A controller [or CFO] has to recognize the impact of a change in accounts receivable policy on the cost of financing receivables. The cost of financing may rise or fall under different conditions. For example:

  • when credit standards are eased, costs rise;
  • when recourse for defaults is given to the finance company, costs decrease; and
  • when the minimum invoice amount of a credit sale is increased, costs decline.

 

Before analyzing the choices [whether to use factoring or receivable financing], let’s see what the cost of factoring arrangement on the following section. Read on…

 

Calculating Cost Of Factoring Arrangement

A factor will purchase the company’s $120,000 per month accounts receivable. The factor will advance up to 80 percent of the receivables for an annual charge of 14 percent, and a 1.5 percent fee on receivables purchased. The cost of this factoring arrangement is:

Factor fee [0.015 × ($120,000 × 12)]              = $21,600
Cost of borrowing [0.14 × ($120,000 × 0.8)]  =   13,440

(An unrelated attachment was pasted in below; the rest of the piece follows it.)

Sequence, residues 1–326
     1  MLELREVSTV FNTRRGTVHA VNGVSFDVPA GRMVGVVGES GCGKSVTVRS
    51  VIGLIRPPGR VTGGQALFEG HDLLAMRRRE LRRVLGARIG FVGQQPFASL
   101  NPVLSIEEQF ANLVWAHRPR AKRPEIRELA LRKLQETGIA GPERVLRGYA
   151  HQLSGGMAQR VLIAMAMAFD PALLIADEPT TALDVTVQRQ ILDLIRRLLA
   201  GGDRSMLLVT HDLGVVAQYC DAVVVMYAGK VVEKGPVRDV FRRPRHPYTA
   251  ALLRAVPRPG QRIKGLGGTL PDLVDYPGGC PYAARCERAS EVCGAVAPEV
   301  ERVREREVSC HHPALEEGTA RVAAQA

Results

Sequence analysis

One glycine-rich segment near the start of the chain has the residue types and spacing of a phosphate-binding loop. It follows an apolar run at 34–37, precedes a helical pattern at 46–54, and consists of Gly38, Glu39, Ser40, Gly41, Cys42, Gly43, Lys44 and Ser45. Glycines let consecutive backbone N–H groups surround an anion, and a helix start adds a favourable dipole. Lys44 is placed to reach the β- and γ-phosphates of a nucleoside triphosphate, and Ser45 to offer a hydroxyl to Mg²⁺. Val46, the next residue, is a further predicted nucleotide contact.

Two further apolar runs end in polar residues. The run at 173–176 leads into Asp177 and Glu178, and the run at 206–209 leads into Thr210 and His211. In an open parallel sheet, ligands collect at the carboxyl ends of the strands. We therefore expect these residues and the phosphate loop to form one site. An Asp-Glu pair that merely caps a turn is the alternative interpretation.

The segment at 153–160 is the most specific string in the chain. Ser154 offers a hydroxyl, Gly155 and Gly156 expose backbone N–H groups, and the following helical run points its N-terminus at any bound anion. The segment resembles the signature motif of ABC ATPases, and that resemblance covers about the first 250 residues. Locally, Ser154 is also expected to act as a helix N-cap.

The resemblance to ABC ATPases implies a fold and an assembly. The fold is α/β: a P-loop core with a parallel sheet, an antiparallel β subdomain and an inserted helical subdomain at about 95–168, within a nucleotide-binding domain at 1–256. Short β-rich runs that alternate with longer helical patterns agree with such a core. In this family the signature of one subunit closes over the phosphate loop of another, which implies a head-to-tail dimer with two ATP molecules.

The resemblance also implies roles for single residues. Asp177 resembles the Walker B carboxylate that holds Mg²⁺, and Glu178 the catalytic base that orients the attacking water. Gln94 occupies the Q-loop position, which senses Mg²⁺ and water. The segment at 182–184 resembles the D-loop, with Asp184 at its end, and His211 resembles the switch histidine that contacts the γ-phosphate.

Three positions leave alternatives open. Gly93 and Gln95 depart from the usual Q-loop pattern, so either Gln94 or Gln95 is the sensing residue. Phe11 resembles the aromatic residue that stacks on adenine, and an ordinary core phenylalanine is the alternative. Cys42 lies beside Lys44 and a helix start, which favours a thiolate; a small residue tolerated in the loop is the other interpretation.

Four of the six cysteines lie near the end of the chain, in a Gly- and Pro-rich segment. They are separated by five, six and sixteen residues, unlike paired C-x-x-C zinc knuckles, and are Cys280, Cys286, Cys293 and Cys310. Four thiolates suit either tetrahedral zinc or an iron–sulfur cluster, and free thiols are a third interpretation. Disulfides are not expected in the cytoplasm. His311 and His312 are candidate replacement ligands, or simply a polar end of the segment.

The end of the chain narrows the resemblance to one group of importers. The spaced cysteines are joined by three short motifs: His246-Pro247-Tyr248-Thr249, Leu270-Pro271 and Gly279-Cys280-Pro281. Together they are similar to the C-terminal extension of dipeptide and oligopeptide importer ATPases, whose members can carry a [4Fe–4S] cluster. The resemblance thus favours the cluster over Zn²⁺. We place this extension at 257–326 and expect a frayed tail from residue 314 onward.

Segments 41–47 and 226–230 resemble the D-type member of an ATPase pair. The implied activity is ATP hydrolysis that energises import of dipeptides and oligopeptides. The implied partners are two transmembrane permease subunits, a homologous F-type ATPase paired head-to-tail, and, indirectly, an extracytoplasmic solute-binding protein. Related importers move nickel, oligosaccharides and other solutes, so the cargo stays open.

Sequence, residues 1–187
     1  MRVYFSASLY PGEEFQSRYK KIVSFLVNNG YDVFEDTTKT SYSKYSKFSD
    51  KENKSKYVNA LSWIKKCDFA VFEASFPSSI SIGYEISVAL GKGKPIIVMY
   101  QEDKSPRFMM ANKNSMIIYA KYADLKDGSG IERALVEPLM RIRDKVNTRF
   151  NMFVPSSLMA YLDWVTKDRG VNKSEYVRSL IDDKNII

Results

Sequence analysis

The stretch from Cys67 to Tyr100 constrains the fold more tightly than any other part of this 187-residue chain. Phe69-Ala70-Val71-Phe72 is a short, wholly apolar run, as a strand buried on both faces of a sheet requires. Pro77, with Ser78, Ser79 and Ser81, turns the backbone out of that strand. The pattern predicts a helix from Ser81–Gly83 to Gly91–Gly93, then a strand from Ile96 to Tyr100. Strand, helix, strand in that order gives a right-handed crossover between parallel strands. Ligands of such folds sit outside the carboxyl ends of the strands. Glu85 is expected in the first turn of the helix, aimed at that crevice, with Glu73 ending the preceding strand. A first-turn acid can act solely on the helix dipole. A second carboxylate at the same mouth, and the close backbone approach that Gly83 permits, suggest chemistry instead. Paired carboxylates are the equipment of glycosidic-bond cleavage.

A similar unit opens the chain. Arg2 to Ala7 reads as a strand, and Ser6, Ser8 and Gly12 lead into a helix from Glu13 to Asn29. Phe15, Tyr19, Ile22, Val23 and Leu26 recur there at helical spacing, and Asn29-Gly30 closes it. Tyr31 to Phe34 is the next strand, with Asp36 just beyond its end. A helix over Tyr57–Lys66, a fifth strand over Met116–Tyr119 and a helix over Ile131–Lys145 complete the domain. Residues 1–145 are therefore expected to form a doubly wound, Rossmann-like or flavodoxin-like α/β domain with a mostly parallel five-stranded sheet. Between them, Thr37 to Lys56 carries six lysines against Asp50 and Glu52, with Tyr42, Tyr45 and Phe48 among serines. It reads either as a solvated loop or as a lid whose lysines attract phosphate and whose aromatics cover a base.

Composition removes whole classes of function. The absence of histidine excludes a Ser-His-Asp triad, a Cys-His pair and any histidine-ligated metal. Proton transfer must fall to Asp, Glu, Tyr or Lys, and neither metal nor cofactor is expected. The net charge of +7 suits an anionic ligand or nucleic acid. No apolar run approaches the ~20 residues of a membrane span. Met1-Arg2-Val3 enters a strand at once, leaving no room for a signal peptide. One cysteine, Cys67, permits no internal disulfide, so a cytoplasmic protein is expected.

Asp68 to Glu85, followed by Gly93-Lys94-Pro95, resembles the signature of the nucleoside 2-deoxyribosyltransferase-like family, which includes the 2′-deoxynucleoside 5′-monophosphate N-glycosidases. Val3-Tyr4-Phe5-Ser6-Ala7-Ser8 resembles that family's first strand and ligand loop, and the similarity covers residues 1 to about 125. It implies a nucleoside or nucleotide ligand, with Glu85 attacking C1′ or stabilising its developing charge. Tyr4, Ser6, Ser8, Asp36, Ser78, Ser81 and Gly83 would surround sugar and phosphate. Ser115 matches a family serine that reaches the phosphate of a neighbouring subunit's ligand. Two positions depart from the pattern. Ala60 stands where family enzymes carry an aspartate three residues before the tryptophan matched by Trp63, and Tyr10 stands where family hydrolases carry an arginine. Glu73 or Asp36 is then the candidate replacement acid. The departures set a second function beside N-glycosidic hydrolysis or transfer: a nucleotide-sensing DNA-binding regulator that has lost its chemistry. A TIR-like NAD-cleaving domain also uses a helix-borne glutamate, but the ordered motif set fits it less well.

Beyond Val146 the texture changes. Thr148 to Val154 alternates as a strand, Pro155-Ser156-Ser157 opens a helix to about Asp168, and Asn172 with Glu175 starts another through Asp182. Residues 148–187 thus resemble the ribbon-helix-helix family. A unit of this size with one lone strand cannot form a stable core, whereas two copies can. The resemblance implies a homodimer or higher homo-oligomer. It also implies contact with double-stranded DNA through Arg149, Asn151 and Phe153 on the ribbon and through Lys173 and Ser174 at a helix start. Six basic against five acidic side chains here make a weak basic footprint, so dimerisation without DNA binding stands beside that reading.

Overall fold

Total cost                                                        = $35,040

 

Factoring Vs Receivable Financing Analysis-1

A factor charges a 3 percent fee per month. The factor lends the company up to 75 percent of receivables purchased for an additional 1 percent per month. Credit sales are $400,000 per month. As a result of the factoring arrangement, the company saves $6,500 per month in credit costs and a bad debt expense of 2 percent of credit sales.

XYZ Bank has offered an arrangement to lend the company up to 75 percent of the receivables.

 

The bank will charge 2 percent per month interest plus a 4 percent processing charge on receivable lending. The collection period is 30 days.

If the company borrows the maximum per month, should it stay with the factor or switch to XYZ Bank?

Cost of factor:
Purchased receivables (0.03 × $400,000)           = $12,000
Lending fee (0.01 × $300,000)                           =     3,000
Total cost                                                           = $15,000

Cost of bank financing:
Interest (0.02 × $300,000)                                 = $  6,000
Processing charge (0.04 × $300,000)                =  12,000

Additional cost of not using the factor:
Credit costs                                                       =    6,500
Bad debts (0.02 × $400,000)                             =     8,000
Total cost                                                          = $32,500

Conclusion: The company should stay with the factor.

 

Factoring Vs Financing Receivable Analysis-2